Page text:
·         authorised investment funds’ dividend distributions to corporate investors: The government will publish draft secondary legislation in early 2017 to modernise the rules on the taxation of dividend distributions to corporate investors in a way which allows exempt investors, such as pension funds, to obtain credit for tax paid by the investment fund;

·         museums and galleries tax relief: this new relief, which is due to be introduced from 1 April 2017, will be widened to include permanent exhibitions. The relief will be set at 25% for touring exhibitions, 20% for non-touring exhibitions, and will be capped at £500,000 of qualifying expenditure per exhibition. It will be reviewed in 2020 and will expire in April 2022 if not renewed;

·         research and development tax relief: the government will review the tax environment for R&D to look at ways to build on the introduction of the ‘above the line’ R&D tax credit;

·         patent box rules: legislation in Finance Bill 2017 will amend the rules to ensure, in cases where research and development is undertaken collaboratively by two or more companies under a ‘cost sharing arrangement’, that such companies are neither penalised nor able to gain an advantage under the rules. This will have effect for accounting periods commencing on or after 1 April 2017;

·         tax-advantaged venture capital schemes: the government has decided not to introduce flexibility for replacement capital within the tax-advantaged venture capital schemes for the time being. Legislation in Finance Bill 2017 will:

o   clarify the EIS and SEIS rules for share conversion rights, for shares issued on or after 5 December;

o   provide additional flexibility for follow-on investments made by VCTs on or after 6 April 2017, to align with EIS provisions; and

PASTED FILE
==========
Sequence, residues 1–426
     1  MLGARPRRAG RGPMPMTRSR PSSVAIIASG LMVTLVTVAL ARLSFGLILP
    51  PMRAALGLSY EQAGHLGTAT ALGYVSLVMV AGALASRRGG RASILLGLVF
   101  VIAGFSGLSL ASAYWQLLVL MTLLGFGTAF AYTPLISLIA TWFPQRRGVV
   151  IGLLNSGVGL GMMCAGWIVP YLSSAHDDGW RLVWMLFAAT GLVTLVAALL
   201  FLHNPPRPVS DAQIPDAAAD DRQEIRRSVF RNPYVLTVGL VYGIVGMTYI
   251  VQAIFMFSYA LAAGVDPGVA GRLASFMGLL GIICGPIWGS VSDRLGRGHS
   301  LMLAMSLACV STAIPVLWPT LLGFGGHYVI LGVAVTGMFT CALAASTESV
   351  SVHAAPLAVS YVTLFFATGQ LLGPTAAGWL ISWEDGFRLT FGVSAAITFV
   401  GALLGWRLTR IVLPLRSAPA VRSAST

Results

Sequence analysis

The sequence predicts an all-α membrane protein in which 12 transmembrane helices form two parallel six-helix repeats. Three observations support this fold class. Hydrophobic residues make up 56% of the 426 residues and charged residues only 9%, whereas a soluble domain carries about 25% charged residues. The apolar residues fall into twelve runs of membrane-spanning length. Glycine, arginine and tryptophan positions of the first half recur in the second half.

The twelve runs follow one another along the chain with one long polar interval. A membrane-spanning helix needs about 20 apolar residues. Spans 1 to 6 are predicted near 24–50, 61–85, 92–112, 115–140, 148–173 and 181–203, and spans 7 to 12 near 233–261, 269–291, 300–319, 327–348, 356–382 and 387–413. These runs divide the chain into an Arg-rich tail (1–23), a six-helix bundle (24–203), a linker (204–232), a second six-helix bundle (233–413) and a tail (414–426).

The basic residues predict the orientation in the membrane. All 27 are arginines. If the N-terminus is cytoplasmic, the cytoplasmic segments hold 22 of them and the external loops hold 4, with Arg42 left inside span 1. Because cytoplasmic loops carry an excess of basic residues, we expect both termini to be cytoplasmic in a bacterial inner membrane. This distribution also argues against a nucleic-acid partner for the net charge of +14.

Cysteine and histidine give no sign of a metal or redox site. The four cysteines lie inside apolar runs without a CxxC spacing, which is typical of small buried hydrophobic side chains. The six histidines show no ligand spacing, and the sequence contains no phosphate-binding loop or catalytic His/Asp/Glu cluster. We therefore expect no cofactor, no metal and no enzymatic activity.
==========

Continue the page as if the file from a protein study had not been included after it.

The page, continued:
o   enable VCT regulations to be made in relation to certain share-for-share exchanges.

·         offshore funds: the government will legislate to ensure that performance fees incurred by offshore funds, calculated by reference to any increase in the fund’s value, are not deductible against reportable income from April 2017 and instead reduce any tax payable on disposal gains of UK taxpayers. This will equalise the tax treatment between onshore and offshore funds;

·         business rates: the government will double rural rate relief to 100% from 1 April 2017, to remove the inconsistency between rural rate relief and small business rate relief;

·         social investment tax relief: from 6 April 2017, the amount of investment social enterprises up to 7 years old can raise through the scheme will increase to £1.5 million. Certain activities, including asset leasing and on-lending, will be excluded. Investment in nursing homes and residential care homes will be excluded initially, but the government intends to introduce an accreditation system to allow such investment to qualify for SITR in the future. The limit on full-time equivalent employees will be reduced to 250.

Other measures confirmed in relation to personal taxes included:

·         personal allowance and higher rate threshold: the personal allowance will rise to £11,500 and the higher rate threshold to £45,000 in 2017/18. The government still aims to raise these to £12,500 and £50,000 respectively by the end of this Parliament;

·         salary sacrifice: following consultation, the tax and employer NICs advantages of salary sacrifice schemes will be removed from April 2017, except for arrangements relating to pensions (including advice), childcare, cycle-to-work and ultra-low emission cars. Arrangements in place before April 2017 will be protected until April 2018, and arrangements for cars, accommodation and school fees will be protected until April 2021;

·         valuation of benefits in kind: the government will publish a consultation on employer-provided living accommodation and a call for evidence on the valuation of all other benefits in kind at Budget 2017;